Add in the the Tribune's illegal ESOP tax-evasion fraud, arrears in payroll taxes, property taxes, etc, and it's easy to see why governments are broke. Also, the banks that "loaned" Zell the money for the Tribune got paid back - by us, because "only the little people pay taxes" - leaving more holes in funding.

If this was a country with real laws, Sam Zell and his tag-alongs would only have one thing left to do: wait to die in a prison cell.

why May 25, 2010 1:50 PM Reply
WHY? Make them turn it over to the state and put it all into funding the shortfall for Education, then 17,000 teachers might not have to lose their jobs.

jack (the real one) May 25, 2010 2:03 PM Reply
The Tribune Company, especially its electronic publishing operations, WGN Radio, and WGN TV are horribly mismanaged, and the executives deserve nothing.

Not to mention lack of bonuses for those working on the lines, how about the severance compensation that the Tribune used bankruptcy to avoid? I think that's fraudulent.

However. Oneal still feels it important to report on the company line.

TribSUX May 25, 2010 2:14 PM Reply
Everyone at the Chicago Tribune should be very ashamed of themselves, the execs for their unbridled greed and avarice, the lower ranks for taking it and doing nothing about it.

hello May 25, 2010 2:25 PM Reply
If the company is losing money where does this money come from, it sounds like they get their money before anyone else including creditors.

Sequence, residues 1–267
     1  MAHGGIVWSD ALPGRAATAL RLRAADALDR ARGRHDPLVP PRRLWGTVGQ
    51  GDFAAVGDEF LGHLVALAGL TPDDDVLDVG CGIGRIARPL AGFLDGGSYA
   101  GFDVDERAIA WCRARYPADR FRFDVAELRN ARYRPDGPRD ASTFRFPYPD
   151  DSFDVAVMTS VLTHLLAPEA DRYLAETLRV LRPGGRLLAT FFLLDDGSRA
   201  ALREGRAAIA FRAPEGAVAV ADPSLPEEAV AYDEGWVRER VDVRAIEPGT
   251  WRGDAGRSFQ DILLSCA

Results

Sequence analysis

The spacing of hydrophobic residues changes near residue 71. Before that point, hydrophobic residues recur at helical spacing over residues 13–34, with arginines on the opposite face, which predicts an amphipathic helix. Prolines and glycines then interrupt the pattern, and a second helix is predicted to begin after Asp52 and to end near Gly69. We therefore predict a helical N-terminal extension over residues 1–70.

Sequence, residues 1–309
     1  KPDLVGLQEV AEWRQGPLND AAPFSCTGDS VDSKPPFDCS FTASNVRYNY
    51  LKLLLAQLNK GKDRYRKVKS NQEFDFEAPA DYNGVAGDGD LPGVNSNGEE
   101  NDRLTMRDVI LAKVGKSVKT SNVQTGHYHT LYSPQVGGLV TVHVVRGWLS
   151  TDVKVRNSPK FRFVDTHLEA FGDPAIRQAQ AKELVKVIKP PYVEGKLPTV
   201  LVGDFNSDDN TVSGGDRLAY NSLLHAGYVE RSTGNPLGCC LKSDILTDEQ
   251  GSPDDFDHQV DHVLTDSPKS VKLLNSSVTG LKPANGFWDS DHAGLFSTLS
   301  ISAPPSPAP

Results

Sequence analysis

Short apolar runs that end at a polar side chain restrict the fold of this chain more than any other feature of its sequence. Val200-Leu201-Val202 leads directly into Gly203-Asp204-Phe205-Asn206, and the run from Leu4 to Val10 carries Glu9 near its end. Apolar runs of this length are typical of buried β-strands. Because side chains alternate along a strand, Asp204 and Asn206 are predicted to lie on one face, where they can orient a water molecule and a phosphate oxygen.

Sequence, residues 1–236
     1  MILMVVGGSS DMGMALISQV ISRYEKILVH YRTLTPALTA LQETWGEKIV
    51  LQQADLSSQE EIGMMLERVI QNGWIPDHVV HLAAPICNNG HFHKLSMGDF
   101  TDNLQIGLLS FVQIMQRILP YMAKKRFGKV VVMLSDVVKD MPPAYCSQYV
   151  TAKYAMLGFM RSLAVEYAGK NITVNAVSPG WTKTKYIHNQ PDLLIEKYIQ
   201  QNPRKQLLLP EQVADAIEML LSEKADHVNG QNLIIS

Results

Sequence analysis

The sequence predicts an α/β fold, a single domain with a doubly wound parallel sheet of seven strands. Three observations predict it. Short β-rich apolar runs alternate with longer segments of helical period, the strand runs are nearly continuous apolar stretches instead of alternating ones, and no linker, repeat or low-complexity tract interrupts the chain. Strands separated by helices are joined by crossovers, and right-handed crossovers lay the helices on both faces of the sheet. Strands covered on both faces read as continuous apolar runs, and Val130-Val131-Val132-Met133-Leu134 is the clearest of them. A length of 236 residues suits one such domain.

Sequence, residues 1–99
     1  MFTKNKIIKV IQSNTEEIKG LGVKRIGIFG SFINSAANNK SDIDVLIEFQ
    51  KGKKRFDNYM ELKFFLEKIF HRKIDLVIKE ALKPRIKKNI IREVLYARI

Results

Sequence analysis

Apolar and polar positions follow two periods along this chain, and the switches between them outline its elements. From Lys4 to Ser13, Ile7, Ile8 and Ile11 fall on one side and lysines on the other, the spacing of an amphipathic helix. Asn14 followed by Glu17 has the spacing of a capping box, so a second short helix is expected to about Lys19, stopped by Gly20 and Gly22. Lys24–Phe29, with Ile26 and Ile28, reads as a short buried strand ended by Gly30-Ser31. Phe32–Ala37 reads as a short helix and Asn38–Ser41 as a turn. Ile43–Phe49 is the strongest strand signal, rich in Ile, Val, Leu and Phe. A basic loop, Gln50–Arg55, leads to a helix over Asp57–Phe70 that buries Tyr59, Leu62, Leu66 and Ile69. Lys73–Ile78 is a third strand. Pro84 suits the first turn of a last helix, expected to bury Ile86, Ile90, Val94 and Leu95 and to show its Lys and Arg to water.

Grabbing money off the top before the company fails, sickening.

Good luck trying to do that if you are are a person facing credit problems.

The Mad Hatter May 25, 2010 2:46 PM Reply
Ha! As usual, the underlings get the shaft while the overlords ride the elevator to the high life. You Tribune reporters and editors are just a bunch of stupid sheep. You should all walk off the job if these bonuses are paid to executives who bankrupted your company, put hundreds of your friends and colleagues out of work, and have derailed any hope you had of having a decent retirement. Instead, you rail against others whose pensions haven't been taken away yet. You are truly stupid journalists.


Stupid-Is Stupid-Does May 25, 2010 2:53 PM Reply
$14,000,000 / 35 = roughly $425,000 per person bonus. Good thing the Tribune is flush with cash and not having the financial troubles like the Sun Times and most hard working common folk these days.

Pete May 25, 2010 2:57 PM Reply
LOL - steer through bankruptcy? I think the entire country has gone wacky with diverting responsibility. When will the madness end.

Well here is your bonus - I am canceling the home delivery of the paper. Calling right now.

Just canceled my subscription to the Tribune. The gentlemen on the phone was very cordial and tried his best to keep me as a subscriber.

I asked if he received a bonus and he said he did not.

He asked what it would take to get me back - I said have the top 35 turn in the 14M and I will come back.

He ended by saying thank you and was hoping I would subscribe in the future.

Lake in the Hills

LAME May 25, 2010 3:29 PM Reply
i have lots of friends that were laid off here because they didn't have money to pay them and the same people are giving themselves bonuses. thats pathetic and not right!

FoxSnooze May 25, 2010 4:35 PM Reply
Makes me sad to see the greed on display in so many companies these days, and the people at the top blame the union workers and their "high" wages/benefits!

Shame on the Tribune!!

Frank May 25, 2010 5:38 PM Reply
"Darius May 25, 2010 12:03 PM Reply The article did not mention the huge bonuses for reporters, editors, pressmen, proof readers, delivery people, etc. Or was there nothing to mention?"

Didn't they lay off or fire most of those people? Must be where they got the money for such stellar performance from the execs.